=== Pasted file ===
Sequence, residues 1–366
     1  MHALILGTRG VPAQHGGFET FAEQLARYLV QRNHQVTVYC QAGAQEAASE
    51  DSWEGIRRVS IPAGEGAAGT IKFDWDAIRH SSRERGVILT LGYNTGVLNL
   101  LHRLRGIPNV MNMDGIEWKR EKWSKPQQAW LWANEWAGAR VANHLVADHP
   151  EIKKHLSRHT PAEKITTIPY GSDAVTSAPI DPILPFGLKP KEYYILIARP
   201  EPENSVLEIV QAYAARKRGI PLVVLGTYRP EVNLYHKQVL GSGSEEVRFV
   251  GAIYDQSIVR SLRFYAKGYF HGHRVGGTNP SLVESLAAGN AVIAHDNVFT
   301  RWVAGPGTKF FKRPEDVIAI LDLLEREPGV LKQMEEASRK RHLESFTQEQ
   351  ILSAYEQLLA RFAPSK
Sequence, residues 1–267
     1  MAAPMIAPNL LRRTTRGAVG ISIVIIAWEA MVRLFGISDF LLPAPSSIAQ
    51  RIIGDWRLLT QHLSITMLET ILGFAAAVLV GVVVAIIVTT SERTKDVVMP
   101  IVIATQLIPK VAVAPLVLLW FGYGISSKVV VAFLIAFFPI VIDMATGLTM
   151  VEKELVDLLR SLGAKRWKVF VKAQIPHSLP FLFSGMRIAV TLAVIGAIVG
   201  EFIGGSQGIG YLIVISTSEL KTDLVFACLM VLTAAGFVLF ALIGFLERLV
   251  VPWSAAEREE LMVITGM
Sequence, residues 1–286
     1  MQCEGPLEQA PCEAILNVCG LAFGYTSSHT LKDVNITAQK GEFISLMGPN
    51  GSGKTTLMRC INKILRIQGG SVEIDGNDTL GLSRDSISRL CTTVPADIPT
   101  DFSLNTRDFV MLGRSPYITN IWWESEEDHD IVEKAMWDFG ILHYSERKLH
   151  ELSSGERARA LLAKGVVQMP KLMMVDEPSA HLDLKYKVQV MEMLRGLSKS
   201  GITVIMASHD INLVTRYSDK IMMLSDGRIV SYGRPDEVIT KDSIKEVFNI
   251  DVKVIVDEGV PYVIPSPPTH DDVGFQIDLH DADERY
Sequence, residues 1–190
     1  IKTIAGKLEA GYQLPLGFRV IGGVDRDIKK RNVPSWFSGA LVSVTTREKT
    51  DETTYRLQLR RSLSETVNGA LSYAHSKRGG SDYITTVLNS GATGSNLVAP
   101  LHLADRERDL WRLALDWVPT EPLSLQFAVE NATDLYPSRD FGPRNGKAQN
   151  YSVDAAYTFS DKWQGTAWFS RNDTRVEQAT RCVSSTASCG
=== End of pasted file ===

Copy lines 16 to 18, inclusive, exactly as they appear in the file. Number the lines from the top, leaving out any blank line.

   251  VPWSAAEREE LMVITGM
Sequence, residues 1–286
     1  MQCEGPLEQA PCEAILNVCG LAFGYTSSHT LKDVNITAQK GEFISLMGPN